HomeGroupsTalkZeitgeist
This site uses cookies to deliver our services, improve performance, for analytics, and (if not signed in) for advertising. By using LibraryThing you acknowledge that you have read and understand our Terms of Service and Privacy Policy. Your use of the site and services is subject to these policies and terms.
Hide this

Results from Google Books

Click on a thumbnail to go to Google Books.

The Double Indemnity Murder: Ruth Snyder,…
Loading...

The "Double Indemnity" Murder: Ruth Snyder, Judd Gray, And New York's…

by Landis Mackellar

MembersReviewsPopularityAverage ratingMentions
273402,159 (3)3

None.

Loading...

Sign up for LibraryThing to find out whether you'll like this book.

No current Talk conversations about this book.

» See also 3 mentions

Showing 3 of 3
This is undoubtedly the definitive account of this famous case. The author is no Truman Capote but does a thorough workman-like job in telling of the case and the fantastic publicity which it generated in the press from the time it was committed on Mar 19, 1927, till the perpatrators were done to death on 12 Jan 1928. The book was published in 2006, so the author was able to tell what happened to everybody connected to the case. I really enjoyed the book because it told an accurate account, even though the author's comments sometimes are a bit inane. But it was an inane crime. ( )
  Schmerguls | Jul 10, 2011 |
I'm not entirely certain what was significant enough about this case to justify a book. I read the entire thing with a sort of thought bubble hanging over it that said, "Why am I reading this?" It wasn't badly written or anything. I'm just wondering why it was written at all. This isn't a particularly interesting case. If it happened now, I suspect it would hardly merit a mention in a local paper. ( )
  ajchase | May 17, 2010 |
Who knew that the Double Indemnity murder took place in Queens Village. James M. Cain and Billy Wilder took the bare bones of the story and improved it immensely. In the book we find that the wife and her underwear selling lover are inept killers stupid enough to confess. The book is mostly trial transcripts and lots of footnotes. If you grew up in Queens Village, as I did, you might find this story of interest, for all others, it's a skip. ( )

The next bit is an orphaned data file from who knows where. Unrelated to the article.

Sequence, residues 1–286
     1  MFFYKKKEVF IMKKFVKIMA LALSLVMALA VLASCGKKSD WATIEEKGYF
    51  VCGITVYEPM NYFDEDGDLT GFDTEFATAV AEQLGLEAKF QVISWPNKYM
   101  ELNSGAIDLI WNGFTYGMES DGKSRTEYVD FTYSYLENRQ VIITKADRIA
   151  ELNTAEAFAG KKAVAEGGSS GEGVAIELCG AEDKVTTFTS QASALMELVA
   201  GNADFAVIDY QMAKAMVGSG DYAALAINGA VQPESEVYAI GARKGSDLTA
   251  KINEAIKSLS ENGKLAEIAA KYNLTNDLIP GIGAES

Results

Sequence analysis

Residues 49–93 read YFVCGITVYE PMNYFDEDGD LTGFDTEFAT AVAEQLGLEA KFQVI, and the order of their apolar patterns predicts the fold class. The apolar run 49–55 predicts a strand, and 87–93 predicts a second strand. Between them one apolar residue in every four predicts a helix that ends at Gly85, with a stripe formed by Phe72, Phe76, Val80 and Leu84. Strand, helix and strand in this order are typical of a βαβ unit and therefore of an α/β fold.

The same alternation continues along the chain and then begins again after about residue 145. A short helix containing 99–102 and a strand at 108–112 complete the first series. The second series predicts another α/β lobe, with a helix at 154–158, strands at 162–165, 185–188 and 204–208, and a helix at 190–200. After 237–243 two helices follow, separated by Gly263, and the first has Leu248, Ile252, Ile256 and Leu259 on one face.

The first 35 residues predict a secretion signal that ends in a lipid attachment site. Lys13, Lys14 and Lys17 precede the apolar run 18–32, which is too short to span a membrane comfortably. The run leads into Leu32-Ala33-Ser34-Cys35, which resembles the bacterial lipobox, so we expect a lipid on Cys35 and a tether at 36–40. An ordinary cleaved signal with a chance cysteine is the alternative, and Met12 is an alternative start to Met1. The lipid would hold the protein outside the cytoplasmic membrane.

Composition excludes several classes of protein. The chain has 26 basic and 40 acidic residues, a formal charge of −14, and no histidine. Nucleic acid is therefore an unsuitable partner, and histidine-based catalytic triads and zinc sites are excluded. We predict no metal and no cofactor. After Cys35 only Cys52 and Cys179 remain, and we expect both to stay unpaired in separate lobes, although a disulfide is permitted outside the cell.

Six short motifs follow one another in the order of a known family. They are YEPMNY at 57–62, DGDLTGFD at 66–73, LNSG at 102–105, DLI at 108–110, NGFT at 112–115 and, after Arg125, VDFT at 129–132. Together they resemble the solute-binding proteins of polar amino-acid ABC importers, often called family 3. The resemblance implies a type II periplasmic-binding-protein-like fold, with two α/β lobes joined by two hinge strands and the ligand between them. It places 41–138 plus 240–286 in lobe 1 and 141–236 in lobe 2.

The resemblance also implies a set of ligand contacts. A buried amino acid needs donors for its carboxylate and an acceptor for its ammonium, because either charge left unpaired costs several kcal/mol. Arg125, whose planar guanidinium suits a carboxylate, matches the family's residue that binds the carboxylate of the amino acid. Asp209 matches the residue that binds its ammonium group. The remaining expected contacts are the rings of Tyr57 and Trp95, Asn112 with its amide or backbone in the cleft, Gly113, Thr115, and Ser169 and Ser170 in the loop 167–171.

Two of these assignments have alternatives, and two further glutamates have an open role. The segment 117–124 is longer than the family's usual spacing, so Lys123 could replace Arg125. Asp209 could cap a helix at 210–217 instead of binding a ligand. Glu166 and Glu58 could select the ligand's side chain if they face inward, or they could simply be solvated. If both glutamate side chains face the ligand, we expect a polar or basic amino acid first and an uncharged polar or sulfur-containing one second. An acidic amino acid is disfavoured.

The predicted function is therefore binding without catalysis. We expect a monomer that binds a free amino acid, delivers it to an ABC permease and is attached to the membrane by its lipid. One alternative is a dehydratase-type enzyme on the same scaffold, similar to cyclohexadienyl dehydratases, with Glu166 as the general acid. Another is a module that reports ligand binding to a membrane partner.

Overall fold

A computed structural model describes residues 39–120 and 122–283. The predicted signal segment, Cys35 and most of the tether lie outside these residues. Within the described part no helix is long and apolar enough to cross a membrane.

susanamper | Aug 4, 2009 |
Showing 3 of 3
no reviews | add a review
You must log in to edit Common Knowledge data.
For more help see the Common Knowledge help page.
Series (with order)
Canonical title
Original title
Alternative titles
Original publication date
People/Characters
Important places
Important events
Related movies
Awards and honors
Epigraph
Dedication
First words
Quotations
Last words
Disambiguation notice
Publisher's editors
Blurbers
Publisher series
Original language

References to this work on external resources.

Wikipedia in English

None

Book description
Haiku summary

Amazon.com Product Description (ISBN 0815608241, Paperback)

A history of the sensational New York City love triangle murder case that held the attention of the nation in 1927.

Few incidents in crime history have been as notorious—yet mundane—as the 1927 murder of Queens suburbanite Albert Snyder by his wife and her lover. Resonant of the footloose Jazz Age, it made persistent headlines and led to a sensational trial, spawning a 1920s Broadway play and the classic noir film of the 1940s: Double Indemnity. This book assesses the entire case, from grisly slaying and shabby cover-up to sharp police work and aftermath. Moreover, it explores sociocultural questions that beg to be answered: what effect does news reportage exert upon high profile cases, and why did such a transparent crime earn such an enduring place in the popular psyche?

(retrieved from Amazon Thu, 12 Mar 2015 18:06:10 -0400)

No library descriptions found.

Quick Links

Popular covers

Rating

Average: (3)
0.5
1
1.5
2 2
2.5 1
3 2
3.5 1
4 2
4.5
5

Is this you?

Become a LibraryThing Author.

 

About | Contact | Privacy/Terms | Help/FAQs | Blog | Store | APIs | TinyCat | Legacy Libraries | Early Reviewers | Common Knowledge | 125,738,138 books! | Top bar: Always visible